Guidance from U.S. Department of Education Clarifies Dispute Resolution Options Are Still Available During COVID-19

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On June 22, 2020, the U.S. Department of Education issued a Question and Answer document about special education dispute resolution during the ongoing pandemic.

Key points from this guidance include:

  • IDEA Part B dispute resolution options, including mediation, state complaints, and due process complaints, are still available to parents and schools.
  • Some dispute resolution timelines may be extended on a case-by-case basis due to exceptional circumstances, including circumstances related to the pandemic.
  • Mediations, resolution meetings, and due process hearings may take place virtually or over-the-phone.

Tips for Remote Mediation

When engaging in a virtual or telephonic mediation, you may need to prepare a bit differently than you would for an in-person mediation. Below are some tips for how to approach a remote mediation.

  1. First, familiarize yourself with the technology you will be using. Conduct a trial run if possible, practicing dialing or logging in, muting and unmuting your microphone and/or video, and using any other system features. Avoid the added stress of technical difficulties during a mediation by ensuring you know how to operate the interface you will be using ahead of time.
  2. Next, ask your assigned mediator if there will be a way to caucus during the mediation. During in-person mediations, there are usually opportunities for each side to meet separately (caucus) to consider information and make decisions outside of the joint session. During in-person mediations, each side will be able to caucus in a separate room. When preparing for a virtual or telephonic mediation, find out how you will caucus. Does the videoconferencing program you will be using have a feature that will allow you to break up into separate virtual “rooms”? Will you be hanging up on the joint session and calling just the mediator to caucus, and then rejoining a joint session once you’ve neared a resolution? Make sure this process is clear and you understand how it will work. The last thing you want is to inadvertently share sensitive information or opinions when you think you are alone with the mediator, only to realize the other side can still see or hear you.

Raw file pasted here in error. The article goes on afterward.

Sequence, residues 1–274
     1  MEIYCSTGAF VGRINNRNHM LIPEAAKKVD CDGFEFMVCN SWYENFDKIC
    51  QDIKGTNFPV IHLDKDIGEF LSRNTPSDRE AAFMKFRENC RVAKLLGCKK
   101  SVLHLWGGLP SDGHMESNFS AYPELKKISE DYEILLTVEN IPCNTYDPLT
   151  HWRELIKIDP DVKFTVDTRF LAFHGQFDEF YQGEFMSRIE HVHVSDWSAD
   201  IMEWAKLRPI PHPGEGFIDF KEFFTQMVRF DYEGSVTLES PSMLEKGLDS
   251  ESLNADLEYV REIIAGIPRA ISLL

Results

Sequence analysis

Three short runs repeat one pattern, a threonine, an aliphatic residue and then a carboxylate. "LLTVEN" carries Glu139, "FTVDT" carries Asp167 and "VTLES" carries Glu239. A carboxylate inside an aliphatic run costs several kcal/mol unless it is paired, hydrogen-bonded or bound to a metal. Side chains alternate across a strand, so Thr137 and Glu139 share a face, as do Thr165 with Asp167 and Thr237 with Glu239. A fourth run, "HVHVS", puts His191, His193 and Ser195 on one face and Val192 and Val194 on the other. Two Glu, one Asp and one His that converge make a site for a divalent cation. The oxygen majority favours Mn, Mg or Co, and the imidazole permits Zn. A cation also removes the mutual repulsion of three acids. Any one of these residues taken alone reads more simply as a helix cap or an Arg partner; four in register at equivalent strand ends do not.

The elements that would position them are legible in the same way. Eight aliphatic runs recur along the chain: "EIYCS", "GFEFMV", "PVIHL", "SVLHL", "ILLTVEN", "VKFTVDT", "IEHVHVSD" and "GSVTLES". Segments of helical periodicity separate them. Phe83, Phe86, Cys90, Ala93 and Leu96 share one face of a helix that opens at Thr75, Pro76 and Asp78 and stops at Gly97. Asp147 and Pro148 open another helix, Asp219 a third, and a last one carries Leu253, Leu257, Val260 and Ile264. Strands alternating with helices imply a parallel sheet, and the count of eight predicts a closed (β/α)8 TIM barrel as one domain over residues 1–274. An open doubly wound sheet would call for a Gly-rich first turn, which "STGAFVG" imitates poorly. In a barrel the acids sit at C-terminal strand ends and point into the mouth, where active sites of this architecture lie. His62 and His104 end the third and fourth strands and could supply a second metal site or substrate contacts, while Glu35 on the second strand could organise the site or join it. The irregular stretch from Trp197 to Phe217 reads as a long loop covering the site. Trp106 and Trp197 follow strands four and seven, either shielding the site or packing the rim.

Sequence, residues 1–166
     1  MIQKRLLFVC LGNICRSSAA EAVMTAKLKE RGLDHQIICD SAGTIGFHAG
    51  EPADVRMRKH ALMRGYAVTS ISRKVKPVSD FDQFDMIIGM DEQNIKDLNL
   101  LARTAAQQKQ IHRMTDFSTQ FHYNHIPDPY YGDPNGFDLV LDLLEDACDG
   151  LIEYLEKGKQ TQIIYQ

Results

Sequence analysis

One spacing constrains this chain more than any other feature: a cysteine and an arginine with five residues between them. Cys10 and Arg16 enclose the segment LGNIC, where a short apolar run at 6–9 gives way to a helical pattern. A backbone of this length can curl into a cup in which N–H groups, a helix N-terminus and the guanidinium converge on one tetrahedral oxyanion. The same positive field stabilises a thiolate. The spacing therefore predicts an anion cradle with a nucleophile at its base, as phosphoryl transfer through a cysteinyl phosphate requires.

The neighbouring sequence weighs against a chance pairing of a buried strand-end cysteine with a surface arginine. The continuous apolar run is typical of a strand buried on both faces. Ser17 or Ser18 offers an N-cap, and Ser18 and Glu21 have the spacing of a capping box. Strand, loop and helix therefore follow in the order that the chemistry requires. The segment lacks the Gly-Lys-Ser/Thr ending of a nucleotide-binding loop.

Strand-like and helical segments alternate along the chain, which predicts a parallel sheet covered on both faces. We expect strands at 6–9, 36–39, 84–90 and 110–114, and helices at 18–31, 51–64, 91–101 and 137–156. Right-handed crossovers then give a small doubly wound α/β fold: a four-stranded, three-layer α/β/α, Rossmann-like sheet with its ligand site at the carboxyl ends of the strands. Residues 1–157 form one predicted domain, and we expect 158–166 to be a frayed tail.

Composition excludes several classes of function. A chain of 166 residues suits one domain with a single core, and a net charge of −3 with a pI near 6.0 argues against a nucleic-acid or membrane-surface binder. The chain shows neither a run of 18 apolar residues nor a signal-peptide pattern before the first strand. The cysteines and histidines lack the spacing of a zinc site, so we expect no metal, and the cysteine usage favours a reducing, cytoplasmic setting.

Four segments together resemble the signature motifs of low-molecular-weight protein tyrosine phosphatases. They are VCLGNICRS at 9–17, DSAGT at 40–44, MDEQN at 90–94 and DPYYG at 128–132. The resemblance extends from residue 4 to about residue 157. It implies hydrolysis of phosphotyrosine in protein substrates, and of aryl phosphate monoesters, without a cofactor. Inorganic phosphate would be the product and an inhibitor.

3. If a resolution is reached at mediation, both sides will sign a written document memorializing the terms of the agreement. Ask your mediator how this will work for a virtual or telephonic mediation. Will you be mailed, faxed, or emailed a copy of the agreement? Can you sign digitally, or are you expected to hand-sign? How will you get a copy of the agreement once it is fully executed (signed by all parties)?
  4. For more tips, check out our previous blog posts on how to prepare for mediation and how to write and enforce a mediation agreement.

 

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